Trade, Race, Pigs, Model Railways

Hic sunt camelopardus: this historical edition of The Browser is presented for archaeological purposes; links and formatting may be broken.

R.B. Myerson | Perspectives | 6th January 2017

America can try to protect its industry; but it cannot protect its markets. “Many understand that something has changed in the relationship with the poorer nations of the world, but there is broad misunderstanding of how this change could be problematic for people in America. Even if America erected trade barriers to block imports from foreign manufacturers, people in the rest of the world could not be compelled to buy American goods that they can now make more cheaply themselves” (1,300 words)

Race, Economics And Pseudo-Science

Brendan O'Flaherty | INET | 6th January 2017

We know by now that race is a convention, not a biological fact. But it still retains the patina of science; and refuting the scientific basis of race does nothing to diminish the terrible reality of the historical and social facts to which it has given rise. The challenge now for economists and other social scientists is to find ways of recognising and redressing the divisions and inequities in society attributable to race, without seeming to return any substance to the concept of race as such (2,100 words)

History Has Gone Off Course

David Skinner | Humanities | 3rd January 2017

Interview with political philosopher Mark Lilla about revolutionary and reactionary views of history. “Throughout the nineteenth century, European nations were largely governed by forces hostile to the revolutionary surge. They had their own thinkers and their own dystopian historical narratives. Now that we no longer have confidence in progressive history we are finally free to notice and study those who did as much to shape the modern world as revolutionaries have” (1,500 words)

My Hogs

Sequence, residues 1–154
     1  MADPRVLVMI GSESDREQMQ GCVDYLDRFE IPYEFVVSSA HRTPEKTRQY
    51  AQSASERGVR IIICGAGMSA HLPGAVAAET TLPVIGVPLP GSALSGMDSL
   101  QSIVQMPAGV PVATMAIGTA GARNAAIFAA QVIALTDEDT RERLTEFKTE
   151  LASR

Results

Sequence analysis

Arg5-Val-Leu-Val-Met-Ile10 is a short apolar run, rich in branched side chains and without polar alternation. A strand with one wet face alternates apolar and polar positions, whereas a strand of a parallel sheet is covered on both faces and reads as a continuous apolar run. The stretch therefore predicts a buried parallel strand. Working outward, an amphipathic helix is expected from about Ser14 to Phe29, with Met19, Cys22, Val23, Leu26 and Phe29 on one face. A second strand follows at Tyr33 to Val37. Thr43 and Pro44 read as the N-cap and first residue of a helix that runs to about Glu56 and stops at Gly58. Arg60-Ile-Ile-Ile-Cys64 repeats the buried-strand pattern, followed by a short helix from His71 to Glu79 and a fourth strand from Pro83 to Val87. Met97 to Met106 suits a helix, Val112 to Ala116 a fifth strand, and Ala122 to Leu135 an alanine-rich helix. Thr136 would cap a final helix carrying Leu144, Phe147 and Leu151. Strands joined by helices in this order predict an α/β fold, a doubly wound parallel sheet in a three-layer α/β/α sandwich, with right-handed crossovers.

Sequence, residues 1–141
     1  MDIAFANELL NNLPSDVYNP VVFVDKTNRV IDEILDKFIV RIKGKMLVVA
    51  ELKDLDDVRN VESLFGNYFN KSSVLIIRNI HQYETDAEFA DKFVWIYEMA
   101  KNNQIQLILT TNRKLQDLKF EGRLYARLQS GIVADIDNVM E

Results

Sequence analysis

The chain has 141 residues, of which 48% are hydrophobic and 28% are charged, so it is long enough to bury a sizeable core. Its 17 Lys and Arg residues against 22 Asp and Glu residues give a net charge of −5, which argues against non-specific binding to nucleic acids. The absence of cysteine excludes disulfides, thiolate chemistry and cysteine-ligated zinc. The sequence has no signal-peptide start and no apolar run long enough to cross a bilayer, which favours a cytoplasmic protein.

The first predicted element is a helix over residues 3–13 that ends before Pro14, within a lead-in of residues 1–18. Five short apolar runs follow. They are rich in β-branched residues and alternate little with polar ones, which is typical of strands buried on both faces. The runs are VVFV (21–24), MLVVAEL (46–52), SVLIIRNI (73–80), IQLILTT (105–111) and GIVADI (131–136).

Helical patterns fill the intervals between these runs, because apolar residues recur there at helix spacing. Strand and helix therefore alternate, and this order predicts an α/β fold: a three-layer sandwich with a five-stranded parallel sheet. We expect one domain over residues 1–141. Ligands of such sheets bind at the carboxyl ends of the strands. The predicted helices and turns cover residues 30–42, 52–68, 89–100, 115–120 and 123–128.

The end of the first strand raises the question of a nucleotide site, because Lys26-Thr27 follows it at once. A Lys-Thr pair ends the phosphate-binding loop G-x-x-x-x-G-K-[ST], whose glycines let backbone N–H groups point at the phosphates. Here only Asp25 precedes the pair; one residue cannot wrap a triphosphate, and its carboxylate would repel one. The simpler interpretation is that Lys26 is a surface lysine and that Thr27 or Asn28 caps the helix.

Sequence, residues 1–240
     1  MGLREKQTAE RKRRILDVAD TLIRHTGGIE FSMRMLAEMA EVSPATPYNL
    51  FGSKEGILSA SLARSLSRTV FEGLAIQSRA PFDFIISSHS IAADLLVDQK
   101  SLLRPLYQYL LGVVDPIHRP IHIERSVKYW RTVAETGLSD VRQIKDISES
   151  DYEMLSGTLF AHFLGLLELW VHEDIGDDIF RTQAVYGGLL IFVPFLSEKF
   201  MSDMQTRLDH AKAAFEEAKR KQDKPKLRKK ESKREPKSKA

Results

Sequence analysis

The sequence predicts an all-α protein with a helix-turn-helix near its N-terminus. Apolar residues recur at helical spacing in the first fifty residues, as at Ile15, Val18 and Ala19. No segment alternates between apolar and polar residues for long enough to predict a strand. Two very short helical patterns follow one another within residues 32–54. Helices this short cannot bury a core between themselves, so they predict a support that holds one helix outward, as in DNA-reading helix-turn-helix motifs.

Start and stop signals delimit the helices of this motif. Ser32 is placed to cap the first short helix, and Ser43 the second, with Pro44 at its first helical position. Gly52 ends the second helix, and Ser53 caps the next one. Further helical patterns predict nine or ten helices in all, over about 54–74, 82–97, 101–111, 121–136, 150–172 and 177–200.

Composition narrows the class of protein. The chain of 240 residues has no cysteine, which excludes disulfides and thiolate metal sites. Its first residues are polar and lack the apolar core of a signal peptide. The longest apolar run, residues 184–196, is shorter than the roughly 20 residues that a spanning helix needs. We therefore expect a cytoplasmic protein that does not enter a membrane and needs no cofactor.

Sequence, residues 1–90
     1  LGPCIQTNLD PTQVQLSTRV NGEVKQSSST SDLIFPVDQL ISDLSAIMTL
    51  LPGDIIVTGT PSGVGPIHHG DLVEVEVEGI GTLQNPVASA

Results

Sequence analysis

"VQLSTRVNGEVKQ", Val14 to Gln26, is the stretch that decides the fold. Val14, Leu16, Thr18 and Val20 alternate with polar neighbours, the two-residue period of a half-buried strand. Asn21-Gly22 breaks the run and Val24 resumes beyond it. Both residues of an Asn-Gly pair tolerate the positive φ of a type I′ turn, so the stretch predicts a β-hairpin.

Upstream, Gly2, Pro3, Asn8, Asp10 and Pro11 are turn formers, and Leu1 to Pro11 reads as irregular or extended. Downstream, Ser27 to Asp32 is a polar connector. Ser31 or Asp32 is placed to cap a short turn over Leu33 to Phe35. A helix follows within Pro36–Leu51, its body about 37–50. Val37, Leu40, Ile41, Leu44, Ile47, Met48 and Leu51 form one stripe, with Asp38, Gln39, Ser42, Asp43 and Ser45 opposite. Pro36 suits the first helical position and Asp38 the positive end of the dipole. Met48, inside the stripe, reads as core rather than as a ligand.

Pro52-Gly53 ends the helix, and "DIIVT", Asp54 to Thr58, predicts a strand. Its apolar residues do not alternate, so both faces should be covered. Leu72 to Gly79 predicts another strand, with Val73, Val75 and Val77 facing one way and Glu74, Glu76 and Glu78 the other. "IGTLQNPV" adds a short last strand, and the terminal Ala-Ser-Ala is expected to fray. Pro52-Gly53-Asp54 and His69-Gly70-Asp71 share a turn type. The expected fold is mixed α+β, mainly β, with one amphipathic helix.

James Buchan | London Review Of Books | 18th October 2001

On the history and character of pigs. “The glory days of the British pig were the centuries from long before the Roman occupation to the Middle Ages, when the half-wild, coarse-bristled, dark brown, prick-eared animal of medieval illuminated calendars foraged in the woods that surrounded the outlying pastures of many villages. In autumn and winter they were driven out by swineherds to fatten on beech mast and acorns: a practice, beset with folklore and feudal regulation, known as pannage” (2,800 words)

A Model Railway Journey

Ava Kofman | Cabinet | 1st September 2015

A visit to the world’s largest model railway, the Miniatur Wunderland in Hamburg, Germany. “Housed in a repurposed warehouse, it is a sprawling reproduction of elements of the world’s geography, connected by nearly ten miles of intricate built-to-scale railway tracks, which lengthen each year. The constituent parts are tiny, but the Wunderland’s scale staggers: over 200,000 individually designed human figurines, 930 trains, 8,850 cars and ships, 215,000 trees and 300 people-sized employees” (3,200 words)

Video of the day: The Little Ones — Radio

What to expect:

Jewel-box of a music video, a journey through Americana that starts in a recording studio (3’41”)

Thought for the day

There are two kinds of forecasters: those who don’t know, and those who don’t know they don’t know
John Kenneth Galbraith

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